ESET has just published an article that was originally my contribution to this report for ESET: TRENDS 2017: SECURITY HELD RANSOM. The new(-ish) article is about so-called next-gen’s uneasy relationship with more established players in the anti-malware industry, rather than focusing exclusively on testing, but does nevertheless look at testing issues such as ‘next-gen’ companies’ reluctance to participate in testing, yet pushing ‘an already open door even wider by their own attempts to compare the effectiveness of their own products and those of ‘first-gen’ vendors.’ The blog article is here: Next-gen security software: Myths and marketing.
What it doesn’t really address – well, it was written a while ago – is the recent resurgence of the bad old idea that testing is so easy that anyone can do it, with guidance and off-the-peg samples from (next-gen) vendors or their associates. Remind me to tell you about Grottyscan and Wonderscan sometime, from an article on how to bias testing.
Recently, next-gen companies have stepped up their war with some testers. Ironically, treading much the same ground that longer-established vendors have stumbled on in the past. But I intend to come back to that.
Meanwhile, here are some relevant links.
Crowdstrike versus NSS:
- CrowdStrike Initiates Legal Action Against NSS Labs For Misappropriation of Intellectual Property and Engaging in a Sham Transaction to Illegally Obtain Access To Our Falcon Software
- NSS’s riposte: AEP Public Test Announcement
- Some harsh but entertaining commentary from Vesselin Bontchev: Some thoughts on the CrowdStrike vs NSS Labs debacle
Steve Ragan on Cylance versus AV-Comparatives and MRG Effritas: Cylance accuses AV-Comparatives and MRG Effitas of fraud and software piracy – Is it time for a new testing and certification model in the industry? Interestingly, Cylance seems to have backtracked somewhat on its opposition to Pay-to-Play, and has commissioned a test from AV-Test using methodology Cylance ‘co-created’.
I got a certain amount of sour amusement from Cylance’s own assertion that this is ‘The first time that a 3rd party testing organization created their own malware in order to conduct testing.’ If only that were true… And if only it were a good idea. Apparently it’s also the first time that a tester ‘developed new testing methods specifically designed to target next-generation vendors.’ I wonder if SE Labs has any thoughts about that?As far as I can tell from Ragan’s article the ‘new’ methodology consists of the following:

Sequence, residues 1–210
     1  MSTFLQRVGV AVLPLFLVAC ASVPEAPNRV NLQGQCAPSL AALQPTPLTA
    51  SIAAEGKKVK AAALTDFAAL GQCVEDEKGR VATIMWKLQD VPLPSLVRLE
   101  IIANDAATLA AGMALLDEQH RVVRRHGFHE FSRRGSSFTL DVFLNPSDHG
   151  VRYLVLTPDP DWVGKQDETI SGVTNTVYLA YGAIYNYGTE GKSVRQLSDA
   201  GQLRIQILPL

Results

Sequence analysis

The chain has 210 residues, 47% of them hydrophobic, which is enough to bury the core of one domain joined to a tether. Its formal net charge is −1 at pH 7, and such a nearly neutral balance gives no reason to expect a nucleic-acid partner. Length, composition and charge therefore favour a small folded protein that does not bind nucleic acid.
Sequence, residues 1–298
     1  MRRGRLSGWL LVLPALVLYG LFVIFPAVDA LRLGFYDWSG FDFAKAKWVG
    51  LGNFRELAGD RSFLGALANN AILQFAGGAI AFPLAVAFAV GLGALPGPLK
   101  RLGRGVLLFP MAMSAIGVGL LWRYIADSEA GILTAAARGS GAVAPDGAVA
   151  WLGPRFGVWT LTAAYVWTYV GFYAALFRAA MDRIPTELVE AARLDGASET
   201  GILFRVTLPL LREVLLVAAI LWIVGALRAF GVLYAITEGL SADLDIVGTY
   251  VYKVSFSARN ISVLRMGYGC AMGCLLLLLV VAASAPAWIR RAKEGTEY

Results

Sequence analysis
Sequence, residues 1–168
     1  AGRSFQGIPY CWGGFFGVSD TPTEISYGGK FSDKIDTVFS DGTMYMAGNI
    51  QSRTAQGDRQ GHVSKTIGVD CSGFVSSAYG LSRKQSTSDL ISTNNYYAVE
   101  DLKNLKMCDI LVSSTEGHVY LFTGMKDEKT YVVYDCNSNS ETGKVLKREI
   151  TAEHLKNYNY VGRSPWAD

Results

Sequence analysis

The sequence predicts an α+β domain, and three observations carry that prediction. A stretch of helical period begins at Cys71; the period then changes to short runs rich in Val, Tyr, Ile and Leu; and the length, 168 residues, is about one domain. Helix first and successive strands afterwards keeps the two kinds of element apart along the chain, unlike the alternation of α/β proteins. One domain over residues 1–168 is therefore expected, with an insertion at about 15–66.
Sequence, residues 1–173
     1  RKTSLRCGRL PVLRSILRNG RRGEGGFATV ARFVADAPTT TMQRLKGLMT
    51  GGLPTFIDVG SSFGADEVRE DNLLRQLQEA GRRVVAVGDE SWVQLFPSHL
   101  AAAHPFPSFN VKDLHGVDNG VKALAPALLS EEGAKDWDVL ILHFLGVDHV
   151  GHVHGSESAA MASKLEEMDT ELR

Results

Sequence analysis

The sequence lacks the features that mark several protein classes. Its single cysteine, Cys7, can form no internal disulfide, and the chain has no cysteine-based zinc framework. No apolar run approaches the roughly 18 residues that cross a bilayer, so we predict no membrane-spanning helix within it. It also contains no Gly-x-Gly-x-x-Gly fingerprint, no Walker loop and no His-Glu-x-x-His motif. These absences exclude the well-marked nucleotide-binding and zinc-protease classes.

- The first test, the ‘Holiday Test’ seems to be an old-school ‘frozen update test’.
- The second test used ‘malware’ created by AV-Test ‘to simulate certain types of attack’.
- The third test involves disabling URL filtering.
- The fourth is a small-scale FP test.
AMTSO’s latest press release doesn’t mention specific vendors or tests, but does observe with regard to ‘recent tests’ that
We reject turning off product capabilities while comparing the capabilities of products in real-world use, as we believe that this introduces bias in the results.
Hard to argue against that, though such cherrypicking of functionality has long bedevilled testing: that has a lot to do with AMTSO’s emphasis on ‘whole product testing’. The press release doesn’t mention malware creation or the use of simulated malware, though these are other areas that have been discussed at some length at AMTSO meetings and in documentation (and many other places).
These are interesting times for testers and vendors. And indeed for AMTSO, which includes among its members nearly all these players. Not Cylance, though, but Cylance reseller Cognition is a member, and also seems to have a close relationship with TestMyAV, which advocates DIY testing rather than using independent testers, or as they put it, trusting ‘the experts’.
I’m glad I’m not caught up in that particular cat-herding exercise any more.
On the other hand, I think I may feel a paper coming on.